The Responsible Fashion Company written by Francesca Romana Rinaldi and Salvo Testa attempts to provide a new way of managing a company that incorporates sustainability and responsibility not just for the owners and employees but also for everyone involved from the beginning of the creation process to product consumption and beyond. The new model presented in the book is based on ethics, aesthetics and economic efficiency. These are the three variables that fashion companies need to manage better now and well into the future, explained Rinaldi in a recent telephone interview.
"A new mindset is needed to make responsible fashion the future of fashion," she says.
Author and blogger Francesca Romana Rinaldi
Book author and blogger Francesca Romana Rinaldi
Rinaldi's first brush with the idea of sustainability happened several years ago during a trip to London to attend a fashion exposition. As she became more involved writing and teaching on the topic she noticed a gap in literature, a lack of a managerial model for responsibility.
"Since then I found out it's not just about product responsibility," she says. "It's about all the different activities of the value chain and managing a balance with all the stakeholders."
The book discusses the fashion sectors on several different dimensions, including environment, society, media,   art, culture and territory; and regulatory and institutions.  They all feed into the concept of a corporation that values responsible sustainability, says Rinaldi.
The author's managerial model puts all stakeholders in a system with what she terms neo-consumers at the center, interacting and interested in all phases of production. A consumer centric concept gives weight to transparency and traceability, which is important to neo-consumers who are socially conscious about how products are made, the environmental impact and fair trade and labor, she says.
"Consumers don't exist in the way they did in the past," says Rinaldi. "They need to be more involved and interested and informed."
Leading and influencing this trend are people who embrace lifestyles of health and sustainability. They pursue a lifestyle based on ecological sustainability for their own health and  planet earth, explains Rinaldi. They eat organic food, recycle, use green energy and look for certifications that indicate environmental sensitivity and fair trade in the products they buy. They also are largely urban and want to be involved in the creative process of products.
Unlike classic images of eco-minded people of decades back, the neo-consumer does not shun technology and fashion, Rinaldi notes in her book.
Some companies more than others have adopted new technologies and internet commerce to establish new relations with the neo-consumer. For example, Nike with NikeID and Converse allow customers to personalize their sneakers during the creation process.
Sustainable fibers and textiles is one aspect of responsibility but there are others that encompass ethics and aesthetics. Innovation is also essential for responsible and sustainable fashion to succeed, says Rinaldi.
"...You cannot ignore aesthetics because that is the first element that consumers evaluate when deciding whether to buy a product...
"We cannot lie about this. There is just a really really small percentage of consumers that buy a product just because it is good, and not beautiful."
Still, Rinaldi maintains that it's possible to combine ethics with aesthetics and get people invested in not just the product but the philosophy of sustainability. When someone buys a t-shirt from a responsibly sustainable company it becomes more than just a t-shirt, she says.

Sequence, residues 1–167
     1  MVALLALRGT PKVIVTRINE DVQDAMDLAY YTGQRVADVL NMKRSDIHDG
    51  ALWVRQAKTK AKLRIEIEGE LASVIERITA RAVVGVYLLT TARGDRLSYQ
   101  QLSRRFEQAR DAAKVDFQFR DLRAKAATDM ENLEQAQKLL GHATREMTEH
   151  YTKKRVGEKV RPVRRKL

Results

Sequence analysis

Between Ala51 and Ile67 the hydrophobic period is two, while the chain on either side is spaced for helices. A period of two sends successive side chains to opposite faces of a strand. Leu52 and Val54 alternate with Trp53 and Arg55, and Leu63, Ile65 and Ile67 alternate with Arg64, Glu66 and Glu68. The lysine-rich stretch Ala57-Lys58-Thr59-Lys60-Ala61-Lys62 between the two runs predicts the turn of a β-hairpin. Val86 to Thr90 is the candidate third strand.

"It's an incredible t-shirt because it is also sustainable. So it's a super t-shirt."
 Today companies that want to keep a competitive edge need to adopt corporate social responsibility in a meaningful way. Examples of those that embrace this philosophy are Columbia sportswear, Patagonia, People Tree, and lastly, one of the book's case studies Brunello Cucinelli.
Known for his cashmere sweaters, the Italian designer sells top quality clothing while striving to keep concern for workers at the core of the company business model of responsible fashion. Brunello Cucinelli is a company that has in its DNA the values of responsibility and it declares this to its investors, says Rinaldi.
Rinaldi and Testa present other case studies in the book and share the writing of chapters with other experts who delve into  many aspects of corporate responsibility throughout the creation and distribution process. Rinaldi says she hopes the book will be used by managers and students alike and by anyone interested in learning more about sustainable fashion.

13.12.14

Sustainability & Performance


Qual è il legame tra Sostenibilità & Performance nel settore moda?
Il 2 dicembre in SDA Bocconi sono stati presentati i risultati del field project MAFED "Il processo decisionale per la gestione della sostenibilità nella catena del valore" delle aziende moda realizzato con il contributo di Goldmann & Partners in cui abbiamo risposto a questa domanda.

“Un’impresa moda può essere considerata una best practice nella sostenibilità quando riesce ad integrare etica ed estetica nella filiera, attraverso azioni coerenti e continuative che coinvolgano tutti gli stakeholder”-  dichiara Francesca Romana Rinaldi, co-autrice de “L’impresa Moda Responsabile” (Egea, 2013) docente del MAFED SDA Bocconi e coordinatrice della ricerca -  “quando si parla di sostenibilità nel settore moda ci si riferisce sempre ad un percorso, mai ad un obiettivo finale. In particolare, la sostenibilità nel retail risulta interessante per diversi motivi: è visibile al consumatore, riguarda diversi stakeholder - in primis i consumatori, i lavoratori e gli investitori- e ha un impatto sulle 3P della sostenibilità: People, Profit, Planet.
Il negozio rappresenta il touchpoint ideale per raccontare la sostenibilità al consumatore, per sensibilizzarlo, per emozionarlo. Alcuni accorgimenti in termini di fattori ambientali e di design, sia estetici che funzionali, possono influenzare positivamente la percezione di benessere all’interno del negozio. Oggi una grande opportunità per le aziende è quella di inserire nel rituale di vendita degli assistenti alla vendita maggiori informazioni sulla propria strategia di responsabilità ambientale e sociale. La sfida è saper raccontare in modo coinvolgente la sostenibilità, anche attraverso l’utilizzo della tecnologia, permettendo al consumatore di acquisire tutti gli elementi necessari per apprezzare pienamente il valore aggiunto della sostenibilità.”